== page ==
5 takeaways from USMNT’s 2-1 loss vs. Serbia originally appeared on NBC Sports Chicago
The Stars and Stripes are back on the pitch, and the future looks exciting.
Though the marquee players aren’t available, the United States men’s national team — led by interim manager Anthony Hudson — had plenty of youth on display in its 2-1 loss to Serbia on Wednesday.
FC Cincinnati’s 24-year-old striker Brandon Vazquez scored the team’s first goal of 2023 on a clean header, but that was the only time the USMNT would find the net. Serbia equalized on a free kick right before halftime, then made it 2-1 a minute into the second half.
The USMNT attacked relentlessly as Serbia absorbed the blows, but ultimately the visitng team came out unscathed. Let’s take a look five takeaways from the first of two January friendlies for the United States:
Cade Cowell is putting himself on the map
Remember the name. Cade Cowell, 19, came into the friendlies as a player to watch and absolutely unleashed chaos on the Serbian defense. The San Jose Earthquakes product showed off his pace and directness every time he received the ball and deserved to pen his name onto the scoresheet with a goal or assist.
He had a moment in the second half where he hit the post twice in one minute and never looked depleted of energy. His passing in the final third will need polishing, but he can provide serious competition to Christian Pulisic on the left wing as he continues to develop. Also, considering he didn’t get much help from Jonathan Gomez or Paxton Pomykal on the left-hand side, imagine what he could with more service.
Jalen Neal’s USMNT debut starts brilliantly
Three clearances, one blocked shot, one interception, 9-for-9 accurate long balls, 101 touches and 86-for-92 completed passes (93%), 19-year-old Jalen Neal has also established himself as one to watch at both the club and international level.
The LA Galaxy product has yet to make an appearance in MLS, but that’s likely not going to be the case for too long. His composure is absolutely vital for a young center back and is usually the make or break of a high-quality one. He rarely made mistakes in possession and moved adeptly without the ball.
His part in Serbia’s second goal was the sole down point in what was otherwise an extremely solid debut for someone who demonstrated the poise of a 10-year veteran. You wouldn’t think Walker Zimmerman and Aaron Long were the vets on the pitch with the way Neal played.
Brandon Vazquez could solve USMNT’s No. 9 woes
It might be wise to invest in Brandon Vazquez stocks early. The 24-year-old FC Cincinnati striker registered 19 goals and eight assists in 35 games last season, and he got on the board with a header in his Stars and Stripes debut.
The lack of a true goalscoring No. 9 was evident all throughout the team’s run in the 2022 FIFA World Cup, but it wasn’t exactly surprising given the lack of options heading into the tournament. Vazquez hadn’t yet made his debut at the time, but his finishing ability could be what sets him apart moving forward.
His hold up play will need to improve, though, as he often disappeared for long stretches when not receiving service. That skill is why Josh Sargent and Haji Wright played significant minutes in Qatar, but their finishing against sturdy defenses couldn’t be relied upon. If Vazquez combines both, he can grab hold of an open competition at striker.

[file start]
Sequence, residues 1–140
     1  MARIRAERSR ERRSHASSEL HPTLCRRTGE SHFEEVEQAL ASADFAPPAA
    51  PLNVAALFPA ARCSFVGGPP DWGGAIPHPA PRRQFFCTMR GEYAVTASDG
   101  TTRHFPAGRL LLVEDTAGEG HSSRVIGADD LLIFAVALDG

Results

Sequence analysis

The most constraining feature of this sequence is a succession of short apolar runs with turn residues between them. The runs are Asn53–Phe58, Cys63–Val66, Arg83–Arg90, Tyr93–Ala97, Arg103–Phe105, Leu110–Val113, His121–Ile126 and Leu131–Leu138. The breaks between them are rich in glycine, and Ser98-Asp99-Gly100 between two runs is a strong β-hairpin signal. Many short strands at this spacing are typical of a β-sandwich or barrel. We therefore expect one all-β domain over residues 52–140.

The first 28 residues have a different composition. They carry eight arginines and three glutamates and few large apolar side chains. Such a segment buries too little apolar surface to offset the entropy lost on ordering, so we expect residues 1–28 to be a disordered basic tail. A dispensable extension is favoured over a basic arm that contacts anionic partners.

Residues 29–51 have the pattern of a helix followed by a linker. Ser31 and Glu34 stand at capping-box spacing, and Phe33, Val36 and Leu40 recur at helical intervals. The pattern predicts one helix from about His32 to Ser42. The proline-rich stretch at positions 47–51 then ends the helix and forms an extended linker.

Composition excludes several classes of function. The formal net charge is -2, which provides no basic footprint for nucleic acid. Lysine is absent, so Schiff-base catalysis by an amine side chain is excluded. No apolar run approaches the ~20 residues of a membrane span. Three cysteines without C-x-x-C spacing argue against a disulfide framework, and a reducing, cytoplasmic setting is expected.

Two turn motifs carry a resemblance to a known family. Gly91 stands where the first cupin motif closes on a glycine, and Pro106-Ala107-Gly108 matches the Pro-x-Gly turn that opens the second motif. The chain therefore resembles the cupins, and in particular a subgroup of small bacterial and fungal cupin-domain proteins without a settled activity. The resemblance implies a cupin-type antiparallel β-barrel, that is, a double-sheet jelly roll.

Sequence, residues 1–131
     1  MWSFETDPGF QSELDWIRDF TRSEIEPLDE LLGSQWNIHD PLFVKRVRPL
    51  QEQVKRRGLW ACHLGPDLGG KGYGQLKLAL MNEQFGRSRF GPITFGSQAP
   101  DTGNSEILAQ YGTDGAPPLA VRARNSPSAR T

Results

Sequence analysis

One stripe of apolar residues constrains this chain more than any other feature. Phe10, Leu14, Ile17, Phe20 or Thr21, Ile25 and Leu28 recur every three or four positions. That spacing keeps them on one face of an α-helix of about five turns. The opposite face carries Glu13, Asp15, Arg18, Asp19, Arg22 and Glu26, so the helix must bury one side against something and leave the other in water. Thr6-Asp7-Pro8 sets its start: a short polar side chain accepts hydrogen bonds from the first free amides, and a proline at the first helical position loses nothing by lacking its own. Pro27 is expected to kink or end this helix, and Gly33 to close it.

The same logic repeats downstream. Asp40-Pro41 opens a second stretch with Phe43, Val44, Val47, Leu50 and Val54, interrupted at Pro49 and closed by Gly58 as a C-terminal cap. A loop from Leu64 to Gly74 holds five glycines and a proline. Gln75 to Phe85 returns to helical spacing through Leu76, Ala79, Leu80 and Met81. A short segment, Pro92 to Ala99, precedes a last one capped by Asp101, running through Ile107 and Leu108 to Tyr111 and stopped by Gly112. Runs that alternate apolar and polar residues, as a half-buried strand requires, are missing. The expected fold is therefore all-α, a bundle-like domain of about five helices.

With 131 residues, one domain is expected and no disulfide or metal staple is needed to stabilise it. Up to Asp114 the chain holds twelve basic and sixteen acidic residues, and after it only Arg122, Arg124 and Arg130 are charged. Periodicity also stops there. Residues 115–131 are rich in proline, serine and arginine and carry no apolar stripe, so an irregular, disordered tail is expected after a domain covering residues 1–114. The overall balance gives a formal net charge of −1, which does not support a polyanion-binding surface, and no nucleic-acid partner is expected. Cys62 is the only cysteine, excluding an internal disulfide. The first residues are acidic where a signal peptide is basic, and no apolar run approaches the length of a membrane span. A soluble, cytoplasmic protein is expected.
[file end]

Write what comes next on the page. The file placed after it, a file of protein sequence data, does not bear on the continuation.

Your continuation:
Gabriel “Gaga” Slonina showed why Chelsea invested in him
English Premier League side Chelsea dropped $15 million last summer to sign Gabriel Slonina from Chicago Fire, then allowed him to stay on loan in MLS for the season. They may have invested in the 18-year-old at the right time.
Goalkeepers tend to hit their primes in their late 20s or throughout their 30s. See compatriot Matt Turner for example, who has hit a new level with Arsenal at age 28 and became a pivotal player for the Stars and Stripes in Qatar. Slonina, however, is 10 years younger and is playing like a veteran, though he’s definitely raw.
He saved four shots on the night and connected on 3 of 7 long balls to display some intriguing distributing quality. There’s a long, long way to go in his career, but $15 million could turn out to be a bargain signing for the Blues. Expect Slonina to compete alongside Turner and Co. for more caps sooner rather than later.
Anthony Hudson doesn’t stray too far away from Gregg Berhalter’s tactics
Not that it’s exactly surprising considering it was his first game as interim manager, but Hudson’s tactics stayed within the realm of Berhalter’s implementations during the previous World Cup cycle.
The starting lineup featured a 4-3-3 without a true left-footed center back, one single pivot holding midfielder who made advanced runs, a right-footed right winger and two advanced center midfielders. When the U.S. managed to pin Serbia’s five-man low block, at times the fullbacks would push all the way up to create a 6-to-5 overload in the back line.
That didn’t always happen, though, because this specific Aidan Morris-Alan Sonora-Paxton Pomykal trio aren’t yet capable of dominating possession, winning second balls and pinning teams deep, but it transpired on occasion.
Then in the second half, some of the substitutes helped bring out more in specific players. Swapping right back Julian Gressel for Dejuan Jones unlocked Alejandro Zendajas in advanced roles, and going with a double pivot of Kellyn Acosta and Eryk Williamson helped them retain possession better when Serbia looked to hit the counter. That made Cowell even more dangerous in isolation situations.
With game one out the way, it’ll be interesting to see how his approach alters — or remains — against Colombia on Saturday.